I was lucky enough to grow up in the same three-family house that my mother and grandmother grew up in. Three (and, at times, four) generations of our family could be found living there at once, and no matter how old I get, I know that one of my favorite sounds in the world will always be of my grandmother’s feet pounding on the floor above us when someone she really liked got all tens on Dancing with the Stars. That house was just as much a member of the family as the names listed on our family tree. It held our good times, our not-so-good times, our dreams, our laughs, and our tears. Growing up in a house like that, you quickly learn how a roof, some walls, and some immaculately swept steps can become a character of their own—a notion that’s perfectly embodied in Lynda Cohen Loigman’s beautiful debut novel, The Two-Family House.
The Two-Family House tells the story of two brothers, Abe and Mort, who live with their wives, Helen and Rose, and their passel of children in 1940s Brooklyn. Abe and Helen raise their four boys alongside Mort and Rose’s three girls, their two families blending into one with a cousin, a brother, or a sister-in-law always underfoot. During a blizzard in 1947, Helen and Rose find themselves giving birth within minutes of each other, a fateful night that forms fissures in their relationship and the family dynamic as a whole. As the story unfolds, the secrets, yearning, and utter tragedies that strike the family come together to form a tale that is haunting, heartfelt, and achingly beautiful. I absolutely could not put it down.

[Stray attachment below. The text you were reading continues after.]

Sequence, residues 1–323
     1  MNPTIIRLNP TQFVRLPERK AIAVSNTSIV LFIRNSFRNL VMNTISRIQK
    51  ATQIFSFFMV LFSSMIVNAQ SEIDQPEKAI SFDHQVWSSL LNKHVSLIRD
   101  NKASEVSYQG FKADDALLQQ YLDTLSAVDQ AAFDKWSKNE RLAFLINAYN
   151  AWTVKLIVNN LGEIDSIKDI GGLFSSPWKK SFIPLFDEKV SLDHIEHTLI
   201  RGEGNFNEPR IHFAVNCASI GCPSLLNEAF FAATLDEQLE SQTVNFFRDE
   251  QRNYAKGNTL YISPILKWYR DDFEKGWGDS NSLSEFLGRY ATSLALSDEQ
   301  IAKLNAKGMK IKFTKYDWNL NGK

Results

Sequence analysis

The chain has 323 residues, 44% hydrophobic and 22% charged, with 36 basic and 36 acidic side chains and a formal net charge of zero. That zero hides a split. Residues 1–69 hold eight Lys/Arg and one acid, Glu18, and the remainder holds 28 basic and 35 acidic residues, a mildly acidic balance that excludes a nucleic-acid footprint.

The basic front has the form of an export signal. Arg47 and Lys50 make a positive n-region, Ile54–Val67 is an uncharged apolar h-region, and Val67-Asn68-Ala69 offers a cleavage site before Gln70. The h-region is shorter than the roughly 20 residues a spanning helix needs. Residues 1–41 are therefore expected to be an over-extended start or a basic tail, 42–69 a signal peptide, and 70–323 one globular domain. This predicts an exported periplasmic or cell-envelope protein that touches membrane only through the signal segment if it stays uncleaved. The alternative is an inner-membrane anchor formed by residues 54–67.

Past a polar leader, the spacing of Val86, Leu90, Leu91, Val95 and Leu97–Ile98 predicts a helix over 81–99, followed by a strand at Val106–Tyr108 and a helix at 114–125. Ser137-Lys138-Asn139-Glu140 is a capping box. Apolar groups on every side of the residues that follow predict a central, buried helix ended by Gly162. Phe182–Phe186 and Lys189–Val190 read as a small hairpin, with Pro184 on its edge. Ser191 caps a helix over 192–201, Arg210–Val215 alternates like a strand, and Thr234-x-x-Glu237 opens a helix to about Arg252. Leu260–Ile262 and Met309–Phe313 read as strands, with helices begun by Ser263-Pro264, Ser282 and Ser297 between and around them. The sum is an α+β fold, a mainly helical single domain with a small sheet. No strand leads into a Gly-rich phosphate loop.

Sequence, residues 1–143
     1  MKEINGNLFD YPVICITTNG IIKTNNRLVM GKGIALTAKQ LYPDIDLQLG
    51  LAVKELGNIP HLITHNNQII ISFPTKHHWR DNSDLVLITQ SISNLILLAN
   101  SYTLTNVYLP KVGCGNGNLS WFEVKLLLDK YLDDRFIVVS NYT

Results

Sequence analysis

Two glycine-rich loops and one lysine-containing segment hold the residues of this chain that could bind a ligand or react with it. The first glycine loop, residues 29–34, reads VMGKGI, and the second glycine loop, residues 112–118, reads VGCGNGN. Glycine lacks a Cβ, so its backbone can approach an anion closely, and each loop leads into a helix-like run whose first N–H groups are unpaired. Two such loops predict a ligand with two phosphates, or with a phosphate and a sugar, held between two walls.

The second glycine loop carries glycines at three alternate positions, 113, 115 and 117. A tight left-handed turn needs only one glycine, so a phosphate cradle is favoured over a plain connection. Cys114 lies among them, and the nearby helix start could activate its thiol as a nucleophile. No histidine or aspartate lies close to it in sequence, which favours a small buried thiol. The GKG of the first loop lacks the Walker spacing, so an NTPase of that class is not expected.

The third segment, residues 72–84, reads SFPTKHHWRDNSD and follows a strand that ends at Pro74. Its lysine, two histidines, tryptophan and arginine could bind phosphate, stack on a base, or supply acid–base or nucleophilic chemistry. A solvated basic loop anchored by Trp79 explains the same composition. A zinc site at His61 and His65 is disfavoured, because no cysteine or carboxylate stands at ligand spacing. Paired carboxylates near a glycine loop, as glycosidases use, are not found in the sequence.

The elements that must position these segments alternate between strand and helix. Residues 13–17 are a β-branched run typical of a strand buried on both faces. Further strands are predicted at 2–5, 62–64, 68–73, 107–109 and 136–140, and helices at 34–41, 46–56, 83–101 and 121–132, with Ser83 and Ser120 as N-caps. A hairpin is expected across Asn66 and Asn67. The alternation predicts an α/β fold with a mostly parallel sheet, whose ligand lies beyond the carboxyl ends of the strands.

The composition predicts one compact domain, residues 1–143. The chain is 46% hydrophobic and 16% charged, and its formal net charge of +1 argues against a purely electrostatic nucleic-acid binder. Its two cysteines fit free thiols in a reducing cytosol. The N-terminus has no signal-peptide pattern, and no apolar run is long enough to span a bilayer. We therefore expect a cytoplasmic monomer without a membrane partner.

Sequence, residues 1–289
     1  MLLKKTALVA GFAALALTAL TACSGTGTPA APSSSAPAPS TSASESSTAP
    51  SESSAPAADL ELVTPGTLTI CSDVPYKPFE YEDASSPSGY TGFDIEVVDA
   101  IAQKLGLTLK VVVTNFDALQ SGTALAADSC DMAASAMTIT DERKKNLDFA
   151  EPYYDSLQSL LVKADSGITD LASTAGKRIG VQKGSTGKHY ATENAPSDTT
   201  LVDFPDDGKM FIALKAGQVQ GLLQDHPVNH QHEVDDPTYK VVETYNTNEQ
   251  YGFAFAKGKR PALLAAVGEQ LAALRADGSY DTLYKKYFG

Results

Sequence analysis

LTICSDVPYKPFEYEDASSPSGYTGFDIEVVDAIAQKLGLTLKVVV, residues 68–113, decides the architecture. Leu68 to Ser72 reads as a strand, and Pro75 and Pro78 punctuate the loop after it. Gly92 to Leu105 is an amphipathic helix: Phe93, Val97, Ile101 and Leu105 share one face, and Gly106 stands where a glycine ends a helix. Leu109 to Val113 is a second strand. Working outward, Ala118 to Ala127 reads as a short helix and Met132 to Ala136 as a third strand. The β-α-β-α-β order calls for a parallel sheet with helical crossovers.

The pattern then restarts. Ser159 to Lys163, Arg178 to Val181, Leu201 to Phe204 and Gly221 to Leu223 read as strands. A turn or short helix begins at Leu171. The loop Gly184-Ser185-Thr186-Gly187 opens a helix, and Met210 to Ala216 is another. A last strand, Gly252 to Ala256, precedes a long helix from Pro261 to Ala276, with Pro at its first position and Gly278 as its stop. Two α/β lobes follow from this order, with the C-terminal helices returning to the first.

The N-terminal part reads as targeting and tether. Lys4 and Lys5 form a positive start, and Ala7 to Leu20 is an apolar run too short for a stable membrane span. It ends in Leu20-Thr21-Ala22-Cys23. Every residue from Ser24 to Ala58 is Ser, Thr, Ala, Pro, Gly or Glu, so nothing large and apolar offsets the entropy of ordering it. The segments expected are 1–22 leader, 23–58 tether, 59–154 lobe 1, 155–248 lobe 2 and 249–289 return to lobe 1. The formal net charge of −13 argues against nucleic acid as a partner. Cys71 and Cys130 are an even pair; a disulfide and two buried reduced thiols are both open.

Lynda Cohen Loigman brings this family to life so vividly that from the moment I picked up the novel, I felt like I’d known them forever. I became as invested in their lives and well-being as I would my good friends or neighbors, and with every turn of the page, I desperately found myself pleading for everyone to just be okay. Even when I got angry with them and wanted to shake them for some of their actions, my heart ached for them. I felt the growing pains of the children as they turned into young adults and the parents as they tried to atone for their mistakes. Each character inhabiting the story jumped off of the page, uniquely his or herself, with the brownstone bearing witness to all of their pain and love standing as the backbone of it all.
It thrills me that this is Lynda Cohen Loigman’s first novel because I know that there will only be amazing things to come from her. The Two-Family House is so rich with emotion, so perfectly drawn in time and place that you will swear you lived in this house with Mort, Abe and their families. You’ll love them, you’ll cry with them, and long after you finish the last chapter, you’ll have an impossible time forgetting them. I highly recommend this book if you’re seeking a great read that will stay with you, with characters that will become as much a part of you as the house you grew up in.